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31 Useful Tips To Reduce Big Telephone Bills
- If the message isn't urgent, send a letter or postcard instead.
- Avoid using coin phones. They generally cost more in the long run.
- Limit all phone calls to five minutes or less.
- Instruct all family members - including children - to make only calls that are necessary.
- Check your directory for phone numbers. Some telephone companies now charge when you dial "Directory Assistance" for information.
- Use your radio for time and weather information instead of your phone.
- Dial calls "direct". Charges increase when an operator is involved.
- Phone during discount rate periods - evening, night and weekend hours.
- Call when holiday rates are in effect, generally all day for legal holidays such as Christmas, New Year's Day, Thanksgiving, etc.
- Avoid calls that require the services of an operator: collect calls, credit card calls, calls charged to another number, time & charge, etc.
- Avoid "person-to-person" telephone calls.
- Many firms have toll-free "800" numbers. Most airlines, railways, bus lines, hotels, motels, rent-a-car chains, etc. will pay for your call. Look them up in your directory for the "800" number, or call 800-555-1212 to see if the firm you want has a toll-free number.
- Many businesses have "Zenith" or "Enterprise" prefixes. They are toll-free also. Check your directory for such numbers before dialing.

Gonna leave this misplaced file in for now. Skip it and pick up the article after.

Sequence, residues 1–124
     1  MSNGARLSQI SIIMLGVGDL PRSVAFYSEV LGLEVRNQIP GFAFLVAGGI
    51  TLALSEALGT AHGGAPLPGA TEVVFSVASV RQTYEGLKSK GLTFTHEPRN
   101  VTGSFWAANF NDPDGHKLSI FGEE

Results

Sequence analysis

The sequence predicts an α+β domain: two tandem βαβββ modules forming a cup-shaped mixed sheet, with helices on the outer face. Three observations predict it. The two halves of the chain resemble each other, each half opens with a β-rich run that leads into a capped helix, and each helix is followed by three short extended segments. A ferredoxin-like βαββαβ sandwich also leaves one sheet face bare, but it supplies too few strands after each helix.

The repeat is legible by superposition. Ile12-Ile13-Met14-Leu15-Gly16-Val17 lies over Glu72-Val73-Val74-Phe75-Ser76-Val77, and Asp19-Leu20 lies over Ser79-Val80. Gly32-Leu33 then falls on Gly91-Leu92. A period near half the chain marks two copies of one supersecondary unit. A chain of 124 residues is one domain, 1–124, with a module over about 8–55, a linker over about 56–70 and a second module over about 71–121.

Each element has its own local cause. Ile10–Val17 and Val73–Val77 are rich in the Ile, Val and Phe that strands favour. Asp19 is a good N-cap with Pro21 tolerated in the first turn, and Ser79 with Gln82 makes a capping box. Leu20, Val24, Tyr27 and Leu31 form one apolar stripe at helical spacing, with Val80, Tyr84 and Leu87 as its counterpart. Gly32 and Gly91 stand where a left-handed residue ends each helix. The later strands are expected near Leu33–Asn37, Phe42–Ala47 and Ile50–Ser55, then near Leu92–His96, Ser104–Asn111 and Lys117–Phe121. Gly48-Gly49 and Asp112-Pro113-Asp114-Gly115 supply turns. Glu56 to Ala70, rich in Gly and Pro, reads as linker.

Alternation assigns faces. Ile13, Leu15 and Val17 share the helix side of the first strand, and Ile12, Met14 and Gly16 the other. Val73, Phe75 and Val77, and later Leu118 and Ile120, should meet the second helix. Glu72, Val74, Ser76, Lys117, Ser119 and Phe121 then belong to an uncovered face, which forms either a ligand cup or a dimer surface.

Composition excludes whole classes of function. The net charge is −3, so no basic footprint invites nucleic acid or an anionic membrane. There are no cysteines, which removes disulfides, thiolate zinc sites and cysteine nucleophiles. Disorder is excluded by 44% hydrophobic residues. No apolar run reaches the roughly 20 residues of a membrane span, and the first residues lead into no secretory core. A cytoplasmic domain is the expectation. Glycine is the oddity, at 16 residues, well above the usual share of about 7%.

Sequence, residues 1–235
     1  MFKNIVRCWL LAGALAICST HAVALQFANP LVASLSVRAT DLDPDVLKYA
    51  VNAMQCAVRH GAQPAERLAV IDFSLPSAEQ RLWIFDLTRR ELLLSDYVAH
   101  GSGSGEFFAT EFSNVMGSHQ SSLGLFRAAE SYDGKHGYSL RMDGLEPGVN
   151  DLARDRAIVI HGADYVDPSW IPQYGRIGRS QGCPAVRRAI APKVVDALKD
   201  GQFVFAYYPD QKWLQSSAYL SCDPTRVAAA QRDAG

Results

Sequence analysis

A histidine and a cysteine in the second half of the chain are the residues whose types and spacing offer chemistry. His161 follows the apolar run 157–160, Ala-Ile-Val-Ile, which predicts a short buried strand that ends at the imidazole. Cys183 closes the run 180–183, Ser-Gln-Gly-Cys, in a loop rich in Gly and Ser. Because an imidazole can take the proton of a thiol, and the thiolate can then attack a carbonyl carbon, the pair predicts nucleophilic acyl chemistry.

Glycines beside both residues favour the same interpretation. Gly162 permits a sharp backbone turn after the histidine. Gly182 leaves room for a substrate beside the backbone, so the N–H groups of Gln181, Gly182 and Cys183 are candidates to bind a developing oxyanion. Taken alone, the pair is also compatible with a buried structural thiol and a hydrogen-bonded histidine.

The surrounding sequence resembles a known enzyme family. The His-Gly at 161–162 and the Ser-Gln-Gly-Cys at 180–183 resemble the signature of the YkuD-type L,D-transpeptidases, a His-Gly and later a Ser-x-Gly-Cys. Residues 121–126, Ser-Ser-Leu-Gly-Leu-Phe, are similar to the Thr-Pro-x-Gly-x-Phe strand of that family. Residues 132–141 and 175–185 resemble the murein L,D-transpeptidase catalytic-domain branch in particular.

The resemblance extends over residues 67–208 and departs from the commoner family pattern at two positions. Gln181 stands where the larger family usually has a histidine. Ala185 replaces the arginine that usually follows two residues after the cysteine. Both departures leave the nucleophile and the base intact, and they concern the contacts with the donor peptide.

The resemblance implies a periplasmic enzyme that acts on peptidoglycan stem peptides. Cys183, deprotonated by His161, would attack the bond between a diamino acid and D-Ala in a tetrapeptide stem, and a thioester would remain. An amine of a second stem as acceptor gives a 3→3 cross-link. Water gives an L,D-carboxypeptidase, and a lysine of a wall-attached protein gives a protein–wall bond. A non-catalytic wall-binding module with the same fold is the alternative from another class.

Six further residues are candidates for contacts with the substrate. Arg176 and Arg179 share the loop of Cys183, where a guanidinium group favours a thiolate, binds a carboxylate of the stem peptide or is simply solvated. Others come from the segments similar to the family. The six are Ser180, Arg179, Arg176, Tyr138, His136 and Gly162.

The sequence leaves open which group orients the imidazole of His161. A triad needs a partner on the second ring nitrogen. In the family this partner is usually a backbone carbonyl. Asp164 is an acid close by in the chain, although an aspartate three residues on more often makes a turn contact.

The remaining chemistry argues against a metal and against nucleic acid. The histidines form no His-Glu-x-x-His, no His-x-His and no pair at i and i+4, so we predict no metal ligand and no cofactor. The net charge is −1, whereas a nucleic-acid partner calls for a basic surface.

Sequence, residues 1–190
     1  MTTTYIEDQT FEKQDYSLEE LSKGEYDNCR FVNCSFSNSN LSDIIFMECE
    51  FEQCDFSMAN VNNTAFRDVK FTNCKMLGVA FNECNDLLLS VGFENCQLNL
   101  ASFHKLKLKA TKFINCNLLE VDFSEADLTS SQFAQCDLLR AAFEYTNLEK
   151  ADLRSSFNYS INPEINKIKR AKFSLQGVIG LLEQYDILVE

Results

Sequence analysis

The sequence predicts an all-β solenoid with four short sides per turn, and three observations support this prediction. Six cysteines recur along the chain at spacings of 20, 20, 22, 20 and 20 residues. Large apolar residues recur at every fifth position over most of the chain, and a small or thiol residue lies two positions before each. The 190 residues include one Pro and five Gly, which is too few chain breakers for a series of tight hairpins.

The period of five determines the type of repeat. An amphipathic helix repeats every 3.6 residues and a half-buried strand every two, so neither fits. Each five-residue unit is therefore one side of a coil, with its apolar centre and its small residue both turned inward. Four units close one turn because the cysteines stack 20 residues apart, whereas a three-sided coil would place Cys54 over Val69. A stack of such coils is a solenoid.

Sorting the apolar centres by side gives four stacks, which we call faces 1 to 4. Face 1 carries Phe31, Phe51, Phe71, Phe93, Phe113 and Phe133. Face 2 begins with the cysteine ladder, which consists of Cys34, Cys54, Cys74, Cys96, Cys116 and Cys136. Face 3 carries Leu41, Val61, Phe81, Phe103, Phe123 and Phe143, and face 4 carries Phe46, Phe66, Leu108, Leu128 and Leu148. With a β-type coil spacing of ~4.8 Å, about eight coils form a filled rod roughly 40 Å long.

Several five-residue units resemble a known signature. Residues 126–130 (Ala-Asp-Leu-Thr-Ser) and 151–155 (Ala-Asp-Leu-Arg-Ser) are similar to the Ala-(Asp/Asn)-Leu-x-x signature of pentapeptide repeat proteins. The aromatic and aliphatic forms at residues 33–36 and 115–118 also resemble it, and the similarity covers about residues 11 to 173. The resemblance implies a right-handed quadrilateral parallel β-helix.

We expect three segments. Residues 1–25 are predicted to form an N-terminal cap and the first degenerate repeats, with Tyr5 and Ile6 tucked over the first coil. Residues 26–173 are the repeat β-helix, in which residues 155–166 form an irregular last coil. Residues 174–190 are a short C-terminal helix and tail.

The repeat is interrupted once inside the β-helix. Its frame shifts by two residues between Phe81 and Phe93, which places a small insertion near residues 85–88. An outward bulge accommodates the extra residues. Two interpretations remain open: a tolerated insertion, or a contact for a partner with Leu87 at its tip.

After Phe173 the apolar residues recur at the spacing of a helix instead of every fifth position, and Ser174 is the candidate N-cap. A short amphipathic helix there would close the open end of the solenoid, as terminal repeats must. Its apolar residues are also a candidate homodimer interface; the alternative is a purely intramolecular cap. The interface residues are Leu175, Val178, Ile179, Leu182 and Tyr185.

- Plan your phone calls in advance, especially when dialing long distance. Some areas have unassisted 1-minute calls that can save you money.
- If you phone someone frequently, "schedule" your calls. In this way, you can dial direct when the person you want to reach will be there.
- If you reach a wrong number, call the operator right away so that you won't be charged for it. If this happens with a coin phone, the telephone company will mail you a refund.
- If you have a bad connection or get cut-off, both parties should hang up. Whoever placed the call should tell the operator about the problem. The operator will then reestablish the call & make an adjustment.
- Extension phones cost extra. Have them installed only when necessary.
- If a coin phone takes your money and doesn't complete the call, notify the phone company by calling from another phone. Give them the number of the faulty phone and they will mail you a refund.
- If you are going away for over 60 days, you can temporarily suspend your phone service. This rate is lower than most regular rates.
- When relocating, have all phone installations done at the same time.
- There are usually no time limits on local calls. However, "nearby" and long distance rates are based on 1-minute and 3-minute units. Consult your directory or phone company before calling, to get the lowest rate.
- If you dial a number often that does not appear in your current phone directory, jot it down instead of dialing Directory Assistance each time.
- Anticipate the number of calls you make each month. Then talk to your phone company and select the most economical type of service.
- Have all family members included under one directory listing.
- Don't permit guests or business associates to use your phone to make personal long distance calls.
- If you use your residence phone for business purposes, you may be able to deduct a portion of your phone bill for business purposes. Check with your nearest Internal Revenue Service office.
- Residence phone rates are generally less than business phone rates.
- Pay telephone bills promptly. If you become delinquent, your phone may be disconnected. A charge will be made later to restore service.
- Instead of an extension phone, have a longer cord installed on your phone.
- If possible, call long distance "collect".
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